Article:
Whose God? What Science?
The following article was published in Reports of the NCSE (2001).
by Robert T. Pennock
n his recent review of my book Tower of Babel: The Evidence against the New Creationism, published in The Weekly Standard under the title "The God of science: The case for intelligent design" (Behe 1999), Michael Behe takes me to task for criticizing the "intelligent design" group, of which he is a member, in the same pages in which I criticize Genesis literalists and other religious anti-evolutionists. He writes:
Unfortunately, whatever merits exist in Pennock's analysis, they are obscured by biased rhetoric. His term "creationism," for instance, is one that readers will typically take to mean biblical literalism: a "young earth" created as recently as 4004 BC, Adam and Eve, Noah's Ark, and all the rest. But Pennock applies "creationist" to writers who believe in none of this. His actual opponents turn out to have doctorates in things like embryology, biochemistry, the philosophy of science, and mathematics from places like the University of Chicago, Cambridge, and Berkeley. And they write books and articles that engage, rather than avoid, serious issues in science and philosophy.
Behe would have us believe that members of his group have disavowed classic "young-earth" views and do not base their "theistic science" in the Bible, but this is not so. I tried to be very careful in my book not to misrepresent the views of those I criticized, as Behe has misrepresented my discussion in his review.
Behe is not himself a young-earther, but he must know that other leaders of his movement arePercival Davis, Paul Nelson, and John Mark Reynolds, among others. Moreover, Behe and the old-earthers in his movement are creationists in the core sense of the term, namely, that they reject the scientific, evolutionary account of the origin of species and want to replace it with a form of special creation. Even Phillip Johnson accepts that "creationism" is, as he puts it, "not simply biblical fundamentalism, but any invocation of a creative intelligence or purpose outside the natural order" (Johnson 1990).
Intelligent-design creationists (IDCs) try to disassociate themselves from other creationists, but the difference is mostly one of political strategy. Henry Morris, founder of the young-earth Institute for Creation Research (ICR), writes that the idea behind the "intelligent design" movement is to begin with the design argument and postpone talking about the bedrock biblical doctrine. He explains:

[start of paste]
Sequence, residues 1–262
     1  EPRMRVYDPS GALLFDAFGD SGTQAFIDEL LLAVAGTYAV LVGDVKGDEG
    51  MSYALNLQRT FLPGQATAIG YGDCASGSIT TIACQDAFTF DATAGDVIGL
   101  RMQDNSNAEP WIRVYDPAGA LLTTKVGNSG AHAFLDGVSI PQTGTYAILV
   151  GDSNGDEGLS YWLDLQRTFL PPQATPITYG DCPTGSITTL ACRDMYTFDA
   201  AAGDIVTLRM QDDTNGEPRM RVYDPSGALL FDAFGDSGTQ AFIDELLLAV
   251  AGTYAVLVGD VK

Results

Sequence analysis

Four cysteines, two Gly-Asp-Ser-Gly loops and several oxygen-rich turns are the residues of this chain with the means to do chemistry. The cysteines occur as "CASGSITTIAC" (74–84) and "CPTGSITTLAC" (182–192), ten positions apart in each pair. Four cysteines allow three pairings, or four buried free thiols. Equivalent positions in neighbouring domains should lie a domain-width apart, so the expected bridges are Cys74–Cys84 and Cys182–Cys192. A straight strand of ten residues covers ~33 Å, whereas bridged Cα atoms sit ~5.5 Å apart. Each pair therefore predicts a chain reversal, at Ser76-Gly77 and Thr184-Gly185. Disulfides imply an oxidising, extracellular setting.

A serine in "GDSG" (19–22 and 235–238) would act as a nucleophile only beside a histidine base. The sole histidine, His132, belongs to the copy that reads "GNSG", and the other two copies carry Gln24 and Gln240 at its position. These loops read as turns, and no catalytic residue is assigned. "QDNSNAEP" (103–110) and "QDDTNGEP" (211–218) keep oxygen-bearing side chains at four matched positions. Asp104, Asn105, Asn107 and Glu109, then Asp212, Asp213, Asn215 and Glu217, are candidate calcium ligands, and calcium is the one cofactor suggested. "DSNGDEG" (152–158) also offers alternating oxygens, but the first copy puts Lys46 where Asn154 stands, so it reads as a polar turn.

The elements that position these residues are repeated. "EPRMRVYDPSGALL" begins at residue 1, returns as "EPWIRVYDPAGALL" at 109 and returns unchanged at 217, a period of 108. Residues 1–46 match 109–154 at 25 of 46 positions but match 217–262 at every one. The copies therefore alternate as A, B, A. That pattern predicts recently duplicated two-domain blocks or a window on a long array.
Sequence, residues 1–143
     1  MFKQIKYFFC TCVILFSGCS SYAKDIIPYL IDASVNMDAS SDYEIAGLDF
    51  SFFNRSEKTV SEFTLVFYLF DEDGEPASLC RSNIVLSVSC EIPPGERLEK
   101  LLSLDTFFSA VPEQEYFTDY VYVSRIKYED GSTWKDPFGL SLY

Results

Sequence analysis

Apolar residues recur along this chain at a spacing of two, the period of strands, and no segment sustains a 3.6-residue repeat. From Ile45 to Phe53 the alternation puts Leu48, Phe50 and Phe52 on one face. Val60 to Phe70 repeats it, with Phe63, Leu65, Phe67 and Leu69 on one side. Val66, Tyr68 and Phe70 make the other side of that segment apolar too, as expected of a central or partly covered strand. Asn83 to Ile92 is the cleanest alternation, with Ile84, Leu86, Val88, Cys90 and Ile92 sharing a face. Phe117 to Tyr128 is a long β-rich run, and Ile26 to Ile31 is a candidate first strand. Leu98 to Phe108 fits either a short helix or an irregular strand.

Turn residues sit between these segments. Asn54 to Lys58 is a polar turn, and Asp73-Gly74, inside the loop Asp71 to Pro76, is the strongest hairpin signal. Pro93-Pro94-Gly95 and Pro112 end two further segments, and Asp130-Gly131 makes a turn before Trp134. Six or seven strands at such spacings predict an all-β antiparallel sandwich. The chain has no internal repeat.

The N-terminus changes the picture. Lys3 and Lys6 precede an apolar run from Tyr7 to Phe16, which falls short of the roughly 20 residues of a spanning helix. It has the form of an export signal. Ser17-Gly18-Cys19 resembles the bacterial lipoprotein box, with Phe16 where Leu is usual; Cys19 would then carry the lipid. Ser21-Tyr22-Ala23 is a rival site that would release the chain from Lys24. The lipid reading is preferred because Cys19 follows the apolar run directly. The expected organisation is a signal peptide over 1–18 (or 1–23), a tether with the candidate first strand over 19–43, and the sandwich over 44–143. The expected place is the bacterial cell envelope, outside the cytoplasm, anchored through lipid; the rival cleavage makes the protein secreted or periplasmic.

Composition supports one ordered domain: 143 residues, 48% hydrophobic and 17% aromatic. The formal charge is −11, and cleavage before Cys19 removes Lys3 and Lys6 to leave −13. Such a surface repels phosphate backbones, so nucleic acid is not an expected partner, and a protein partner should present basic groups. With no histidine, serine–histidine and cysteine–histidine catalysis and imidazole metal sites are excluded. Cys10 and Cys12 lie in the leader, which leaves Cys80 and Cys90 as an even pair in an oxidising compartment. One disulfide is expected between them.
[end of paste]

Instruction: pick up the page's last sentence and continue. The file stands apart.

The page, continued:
Any discussion of a young earth, 6-day creation, a worldwide flood and other biblical records of early history will turn off scientists and other professionals, they say, so we should simply use the evidence of intelligent design as a "wedge" to pry them loose from their naturalistic premises. Then, later, we can follow up this opening by presenting the gospel, they hope (Morris 1999).
Morris, of course, does like the design argument (he has been promoting it for decades), but he knows that, contrary to Behe's assertion in his review, it never convinced Fred Hoyle or anyone else to throw out atheism and become a theist, let alone a Christian. In Darwin's Black Box, Behe trumpets his version of the design argument as one that "must be ranked as one of the greatest achievements in the history of science' " Heady stuff? However, anyone not distracted by the self-congratulatory fanfare will recognize that what Behe has dished up is not a revolutionary scientific discovery, but warmed over 19th-century natural theology. Despite their vaunted "doctorates from places like the University of Chicago, Cambridge, and Berkeley", IDCs have made no conceptual advance over William Paley's failed argument.
I spent several dozen pages in Tower of Babel showing errors in Behe's own arguments, but in his review he conveniently ignores these and (as predicted) chooses to "engage" only a single sentence. Behe tells origin-of-life researchers that they should throw in the towel, and accept his "finding" that biomolecules were miraculously created. Oparin inaugurated origin of life studies in the 1920s, but it is only in the last few decades that molecular biology has begun to develop the tools that will allow it to investigate the kinds of examples Behe cites. Behe knows full well that such research continues to reveal clues to unravel the mystery, just as he surely knows that origin of life experiments have done far more than produce what he claimed was merely "goo at the bottom of the test tube". Creationists' rhetorical campaign against evolution has done nothing to undermine the overwhelming evidence in its favor. (Interested readers might check the June 25, 1999, issue of Science for a small taste of some of the exciting recent findings by evolutionary biologists, including a review of research on the chemical origin of RNA structure.) If Behe's objection to me is that I am not sufficiently pessimistic about the prospects of such ongoing research, I plead guilty.
Although he fails to defend himself, Behe does attempt to come to the aid of Phillip Johnson and tries to justify IDCs' reliance upon negative argumentation. It is fitting that he does so in terms of political advertising, in that IDCs rely upon propaganda rather than scientific research. He writes: "[E]vidence against Darwinism does count as evidence for an active God, just as valid negative advertising against the Democratic candidate will help the Republican, even though Vegetarian and One World candidates are on the ballot, too."